UPDATE August 13, 2019: Vineyard Wind announced on Monday that shareholders affirmed their support for the first large-scale U.S. offshore wind project, despite the delay of the project’s Final Environmental Impact Statement (FEIS).
Shareholders will revise the project based on a public statement issued on Friday by the Secretary of the Interior, as the original timeline will not be feasible.
- Secretary of the Interior David Bernhardt has ordered additional study for the Vineyard Wind offshore wind project, to the "surprise and disappointment" of the developer.
- The federal Bureau of Ocean Energy Management (BOEM) is extending the mandatory environmental review of the 800-MW proposed project off the coast of Massachusetts, Bernhardt told Bloomberg News on Friday. BOEM will also expand its analysis of other large offshore wind plans for the East Coast.
- The $2.8 billion project "remains viable and continues to move forward," Vineyard Wind said in a statement. The first phase of the project was supposed to come online in late 2019.
Further delay on Vineyard Wind could impact an additional revenue stream for the project. The clean energy investment tax credit, which is integral to financing the project, will not be available for projects that start construction after the end of 2019.
BOEM needs to complete its Environmental Impact Statement (EIS) within two years of a developer's submission of its Construction and Operations Plan (COP).
"For Vineyard Wind, that is March 2020. That being said, we are focusing on the supplemental EIS, and not yet prepared to set a schedule for the Final EIS," Tracey Blythe Moriarty, BOEM's Office of Public Affairs deputy chief, said in an e-mail.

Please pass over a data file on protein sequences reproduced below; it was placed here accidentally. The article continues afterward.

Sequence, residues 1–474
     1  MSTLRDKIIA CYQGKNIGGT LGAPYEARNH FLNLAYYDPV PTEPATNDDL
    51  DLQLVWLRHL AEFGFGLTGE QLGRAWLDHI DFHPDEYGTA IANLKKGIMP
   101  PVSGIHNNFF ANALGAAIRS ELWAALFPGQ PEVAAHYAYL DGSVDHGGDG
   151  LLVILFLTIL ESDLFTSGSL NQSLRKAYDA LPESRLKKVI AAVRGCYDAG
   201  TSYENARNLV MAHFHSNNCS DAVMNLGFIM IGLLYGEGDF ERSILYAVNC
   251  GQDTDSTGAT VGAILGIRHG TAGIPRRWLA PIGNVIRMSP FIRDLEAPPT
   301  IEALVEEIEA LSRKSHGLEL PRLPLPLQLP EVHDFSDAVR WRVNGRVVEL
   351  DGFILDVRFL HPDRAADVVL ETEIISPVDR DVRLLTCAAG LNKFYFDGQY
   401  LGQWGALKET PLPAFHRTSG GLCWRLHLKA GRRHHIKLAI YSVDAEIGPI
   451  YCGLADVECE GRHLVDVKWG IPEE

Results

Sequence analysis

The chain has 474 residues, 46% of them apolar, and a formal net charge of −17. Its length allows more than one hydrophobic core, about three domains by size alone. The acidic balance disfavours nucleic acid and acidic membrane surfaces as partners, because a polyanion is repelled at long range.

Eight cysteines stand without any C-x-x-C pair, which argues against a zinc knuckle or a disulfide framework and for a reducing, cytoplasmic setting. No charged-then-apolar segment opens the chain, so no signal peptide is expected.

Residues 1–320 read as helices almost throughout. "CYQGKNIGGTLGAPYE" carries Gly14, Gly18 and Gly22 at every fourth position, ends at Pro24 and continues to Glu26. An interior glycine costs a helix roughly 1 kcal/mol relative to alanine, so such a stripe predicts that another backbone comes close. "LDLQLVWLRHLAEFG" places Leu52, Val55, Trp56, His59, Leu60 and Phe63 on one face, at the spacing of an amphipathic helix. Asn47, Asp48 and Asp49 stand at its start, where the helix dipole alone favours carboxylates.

Vineyard Wind is the first large-scale offshore wind project expected online in the U.S., where the technology remains in the nascent stages of deployment. Other large projects are expected in the next 5 years off the coasts of Rhode Island, New York, New Jersey, Maryland, Virginia and more.
As East Coast states continue announcing offshore wind procurements and stakeholders for the Vineyard Wind project request more analysis, "BOEM is expanding its cumulative analysis of projects within its draft [EIS] to also include projects that have been awarded power purchase agreements, but may not have submitted [COPs], and potential scenarios based on state procurements that are expected to be awarded," Moriarty said.
Bernhardt, a former oil and gas lobbyist who had served under former Interior Sec. Ryan Zinke, has met with Vineyard Wind and with Massachusetts Gov. Charlie Baker, R, in recent weeks regarding the project.
The Interior Department did not respond to requests for comment regarding the delay.
Vineyard Wind expected BOEM approval for a final EIS by July 12. The project developers previously said the final federal environmental study needs to be issued by early September for the project to advance under its current financing.
"While we appreciate that the discussion on cumulative impacts is driven by rapid growth of the industry beyond our project, we urge the federal government to complete the review of Vineyard Wind 1 as quickly as possible," the company said in a statement.